Director of ‘What Killed Michael Brown?’ documentary responds to Amazon’s refusal to stream film

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Few things expose the hypocrisy of the left’s racial grievance maneuverings more than the circumstances surrounding the death of Michael Brown in Ferguson, Mo.

To this day, protesters chant, “Hands up, don’t shoot,” a phrase that came to symbolize the incident that led to the Black Lives Matter movement exploding onto the national scene, never mind that an Eric Holder-led Justice Department found that was a lie.


Hoover Institution senior fellow Shelby Steele has a timely documentary out on the incident that rejects the black victim mentality and not so surprisingly, Amazon has declined to stream it.

In an appearance on “The Story with Martha MacCallum,” Steele said the tech giant is invested in the “political correctness of seeing blacks as victims.”


Steele was informed by Amazon via email that the documentary, titled “What Killed Michael Brown?,” failed to meet its “content quality expectations” and would not be eligible to appear on the service, Fox News reported.

Amazon added: “We will not be accepting resubmission of this title and this decision may not be appealed.”

Amazon is essentially saying “you dare to look at blacks in America as human beings rather than as victims and we are invested as this huge massive corporation in the political correctness of seeing blacks as victims,” Steele explained to host Martha MacCallum.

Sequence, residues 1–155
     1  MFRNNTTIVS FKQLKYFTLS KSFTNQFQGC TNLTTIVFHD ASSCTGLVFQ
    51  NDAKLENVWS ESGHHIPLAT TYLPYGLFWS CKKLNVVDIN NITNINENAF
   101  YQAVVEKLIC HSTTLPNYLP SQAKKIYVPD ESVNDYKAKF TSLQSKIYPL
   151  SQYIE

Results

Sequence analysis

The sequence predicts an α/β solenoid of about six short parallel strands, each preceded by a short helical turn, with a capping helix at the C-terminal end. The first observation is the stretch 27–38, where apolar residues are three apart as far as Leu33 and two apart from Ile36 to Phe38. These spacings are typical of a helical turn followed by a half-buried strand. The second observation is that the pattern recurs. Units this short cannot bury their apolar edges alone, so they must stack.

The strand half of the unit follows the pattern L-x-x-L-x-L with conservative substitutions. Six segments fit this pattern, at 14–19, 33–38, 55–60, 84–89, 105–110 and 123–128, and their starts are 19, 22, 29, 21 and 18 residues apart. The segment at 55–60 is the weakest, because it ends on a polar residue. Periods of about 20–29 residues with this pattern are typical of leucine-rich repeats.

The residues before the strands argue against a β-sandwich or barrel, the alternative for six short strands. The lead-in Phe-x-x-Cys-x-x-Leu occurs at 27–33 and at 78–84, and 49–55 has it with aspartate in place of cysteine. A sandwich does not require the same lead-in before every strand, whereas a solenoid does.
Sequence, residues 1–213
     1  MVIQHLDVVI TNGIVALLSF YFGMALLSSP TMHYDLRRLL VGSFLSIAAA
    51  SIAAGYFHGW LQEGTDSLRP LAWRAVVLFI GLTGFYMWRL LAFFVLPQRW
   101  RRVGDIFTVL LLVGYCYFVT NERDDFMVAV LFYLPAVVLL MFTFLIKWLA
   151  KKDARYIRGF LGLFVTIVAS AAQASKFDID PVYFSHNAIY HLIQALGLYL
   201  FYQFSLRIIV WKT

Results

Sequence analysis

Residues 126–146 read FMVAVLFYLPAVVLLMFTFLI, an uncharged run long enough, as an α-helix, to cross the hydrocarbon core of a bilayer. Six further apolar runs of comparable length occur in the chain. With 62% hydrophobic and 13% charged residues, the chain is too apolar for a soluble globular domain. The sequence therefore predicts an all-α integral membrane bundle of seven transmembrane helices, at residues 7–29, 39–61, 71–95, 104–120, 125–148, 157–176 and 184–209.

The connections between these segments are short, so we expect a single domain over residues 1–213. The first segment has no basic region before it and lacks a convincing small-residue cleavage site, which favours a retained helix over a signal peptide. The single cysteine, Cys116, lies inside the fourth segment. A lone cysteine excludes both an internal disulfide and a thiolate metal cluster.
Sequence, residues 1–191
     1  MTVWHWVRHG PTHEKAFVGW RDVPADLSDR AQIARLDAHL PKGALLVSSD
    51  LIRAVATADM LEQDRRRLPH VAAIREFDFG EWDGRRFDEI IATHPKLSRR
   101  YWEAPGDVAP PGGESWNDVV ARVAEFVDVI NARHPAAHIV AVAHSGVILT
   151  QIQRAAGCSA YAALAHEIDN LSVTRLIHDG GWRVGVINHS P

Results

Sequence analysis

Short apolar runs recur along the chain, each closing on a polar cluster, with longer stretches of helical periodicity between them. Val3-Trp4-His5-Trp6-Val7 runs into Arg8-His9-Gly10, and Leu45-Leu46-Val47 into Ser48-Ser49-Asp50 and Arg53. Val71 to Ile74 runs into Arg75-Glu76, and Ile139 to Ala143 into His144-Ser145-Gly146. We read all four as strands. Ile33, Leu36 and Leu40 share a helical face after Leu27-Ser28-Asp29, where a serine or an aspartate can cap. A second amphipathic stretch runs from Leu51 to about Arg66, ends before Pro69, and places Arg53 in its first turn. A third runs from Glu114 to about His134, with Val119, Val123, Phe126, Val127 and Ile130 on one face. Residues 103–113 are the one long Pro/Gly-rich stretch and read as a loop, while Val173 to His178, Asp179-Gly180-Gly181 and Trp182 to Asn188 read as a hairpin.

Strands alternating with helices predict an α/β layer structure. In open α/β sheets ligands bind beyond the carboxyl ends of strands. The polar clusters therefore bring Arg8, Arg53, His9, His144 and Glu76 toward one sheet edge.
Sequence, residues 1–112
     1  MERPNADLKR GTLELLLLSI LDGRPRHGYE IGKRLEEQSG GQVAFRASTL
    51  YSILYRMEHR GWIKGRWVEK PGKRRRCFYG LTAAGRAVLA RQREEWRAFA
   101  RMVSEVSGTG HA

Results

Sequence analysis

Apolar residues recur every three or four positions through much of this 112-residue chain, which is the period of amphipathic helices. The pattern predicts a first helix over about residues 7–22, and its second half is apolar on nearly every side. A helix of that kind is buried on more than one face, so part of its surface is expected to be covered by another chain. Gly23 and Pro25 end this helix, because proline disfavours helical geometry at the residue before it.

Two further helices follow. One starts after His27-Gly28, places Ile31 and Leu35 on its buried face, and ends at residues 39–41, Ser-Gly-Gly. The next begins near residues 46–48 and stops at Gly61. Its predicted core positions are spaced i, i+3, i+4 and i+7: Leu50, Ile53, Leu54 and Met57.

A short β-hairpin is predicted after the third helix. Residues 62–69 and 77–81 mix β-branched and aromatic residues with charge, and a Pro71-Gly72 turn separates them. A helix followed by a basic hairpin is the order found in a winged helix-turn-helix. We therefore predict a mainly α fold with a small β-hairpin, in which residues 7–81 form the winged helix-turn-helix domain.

He added that no matter what, Amazon is going to “make sure [blacks] continue to be seen as victims who are owed things.”

(Photo by Joe Raedle/Getty Images)

“I like to say Amazon, this is a classic example of white guilt coming out,” Steele said, adding with a laugh, “And I now can claim to be a victim of white guilt.”

The film explained that liberalism “dismisses individual responsibility as an agent of black uplift, problems are always the fault of a systemic enemy, like racism.”

It also dares to ask the politically incorrect question, “Is Michael Brown in any way responsible for his own death?”

“All of these incidents – Freddie Grey, Trayvon Martin, Michael Brown – the fascination with them is … the idea of Blacks being victimized by Whites. That is our avenue as a minority,” Steele said. “That’s our avenue to entitlement, to power.”

“Our power in American life as Blacks is our victimization,” he added. “We haven’t invented the computer. We didn’t do any number of other things. We are, though, victims of American evil. And that gives us a moral authority that constitutes raw power.”

Power that is used to shakedown institutions like Amazon, who are eager to be seen as innocent of racism, Steele noted.

“It’s a symbiotic sort of problem, then, that all of America has to deal with,” he said.

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Tom Tillison


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